Celts: Art and Identity

© David Gill

© David Gill

The ‘Celts’ exhibition is now showing at the British Museum. It contains some outstanding pieces of ‘Celtic’ art ranging from prehistory to the 21st century. Some of the pieces featured in the major Austrian exhibition on the ‘Celts’ of 1980. Perhaps one of the themes behind the exhibition is to express the ‘Celtic’ roots behind the modern ‘Celtic’ nations: Wales, Scotland, Cornwall, Brittany, Ireland. Neil MacGregor explains in the Foreword, ‘this is not so much a show about a people as a show about a label, exploring how the name ‘Celts’ has been used and appropriated over the last 2,500 years’.

I have long considered some of the objects in the exhibition to be Iron Age rather than ‘Celtic’. The reference to the ‘Dying Gaul’ perhaps needed to include the discussion of the victory monuments at Pergamon (in north-west Anatolia) and a discussion of why Galatia is so named. It was good to see the Etruscan and Athenian objects from the Kleinaspergle burial [Figs. 45-47]. The catalogue links the Gundestrup Bowl to the area now in Bulgaria or Romania [Figs. 252-260].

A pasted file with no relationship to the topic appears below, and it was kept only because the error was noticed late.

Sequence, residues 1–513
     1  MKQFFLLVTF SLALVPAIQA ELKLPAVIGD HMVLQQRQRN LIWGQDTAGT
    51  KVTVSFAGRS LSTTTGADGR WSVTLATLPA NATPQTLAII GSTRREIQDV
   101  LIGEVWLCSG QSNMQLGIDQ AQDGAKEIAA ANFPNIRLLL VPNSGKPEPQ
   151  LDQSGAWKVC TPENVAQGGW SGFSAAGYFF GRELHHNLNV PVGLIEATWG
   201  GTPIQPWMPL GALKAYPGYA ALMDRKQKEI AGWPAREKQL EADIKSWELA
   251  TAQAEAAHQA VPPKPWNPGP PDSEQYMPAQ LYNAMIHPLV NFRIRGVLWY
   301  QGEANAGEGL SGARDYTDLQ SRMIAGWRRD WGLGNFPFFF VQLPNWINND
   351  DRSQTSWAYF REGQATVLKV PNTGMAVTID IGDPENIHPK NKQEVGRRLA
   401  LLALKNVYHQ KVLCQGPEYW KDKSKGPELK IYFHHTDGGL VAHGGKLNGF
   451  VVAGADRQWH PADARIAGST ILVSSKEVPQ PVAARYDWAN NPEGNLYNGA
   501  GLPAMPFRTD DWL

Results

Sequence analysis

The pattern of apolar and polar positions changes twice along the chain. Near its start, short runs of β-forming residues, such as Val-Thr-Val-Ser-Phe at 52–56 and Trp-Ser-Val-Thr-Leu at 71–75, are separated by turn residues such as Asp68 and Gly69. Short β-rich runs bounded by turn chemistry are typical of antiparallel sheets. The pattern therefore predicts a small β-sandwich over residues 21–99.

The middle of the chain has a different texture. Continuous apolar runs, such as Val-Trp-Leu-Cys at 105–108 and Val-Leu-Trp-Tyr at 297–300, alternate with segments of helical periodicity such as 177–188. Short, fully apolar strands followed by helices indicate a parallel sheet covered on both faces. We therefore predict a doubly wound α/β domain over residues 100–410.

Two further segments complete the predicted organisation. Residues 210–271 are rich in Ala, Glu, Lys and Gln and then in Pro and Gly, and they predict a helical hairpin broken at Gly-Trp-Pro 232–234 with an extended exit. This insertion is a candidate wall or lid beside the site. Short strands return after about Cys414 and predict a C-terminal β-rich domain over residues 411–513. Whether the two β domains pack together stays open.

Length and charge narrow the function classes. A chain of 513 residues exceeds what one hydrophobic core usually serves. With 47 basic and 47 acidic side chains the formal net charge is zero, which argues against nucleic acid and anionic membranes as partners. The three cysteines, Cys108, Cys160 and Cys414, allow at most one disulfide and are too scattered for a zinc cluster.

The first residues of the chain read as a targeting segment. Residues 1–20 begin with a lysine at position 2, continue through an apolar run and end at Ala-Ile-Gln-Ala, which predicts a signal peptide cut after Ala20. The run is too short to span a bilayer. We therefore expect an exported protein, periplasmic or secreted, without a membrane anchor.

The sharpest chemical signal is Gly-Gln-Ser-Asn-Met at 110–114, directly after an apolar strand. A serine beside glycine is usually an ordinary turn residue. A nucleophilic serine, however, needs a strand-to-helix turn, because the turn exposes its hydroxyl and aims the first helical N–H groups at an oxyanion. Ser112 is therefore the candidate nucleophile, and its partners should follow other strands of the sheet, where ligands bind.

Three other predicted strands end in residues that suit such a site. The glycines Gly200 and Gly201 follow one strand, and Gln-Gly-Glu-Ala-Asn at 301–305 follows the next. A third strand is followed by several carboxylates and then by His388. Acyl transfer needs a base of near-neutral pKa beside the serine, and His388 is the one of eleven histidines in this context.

The dedication and relief of Dea Brigantia from Birrens in Dumfries and Galloway [Fig. 131] is a particularly striking piece. J.M.C. Toynbee (Art in Roman Britain) linked the imagery to Eboracum (York) and the reign of the Roman emperor Septimius Severus. (There was also a clever reference to the orb in the left hand, ‘proudly proclaiming the world-wide rule of the Brigantian region!’)

One of the hanging bowls from the Sutton Hoo ship burial appears [Fig. 28] on the assumption that it was made in ‘Celtic’ lands.

Early Christian cross (or rather casts) from the Hebrides [see Iona] brought the narrative into the post-Roman period.

The final section was on ‘The Celtic Revival in Britain and Ireland’. There were several references to Ossian.

The objects within the exhibition were stunning although the over-arching ‘story’ of the exhibition perhaps failed to connect with me. I still have strong memories of the Austrian ‘Die Kelten‘ exhibition that brought together many of the same objects in a more coherent fashion.

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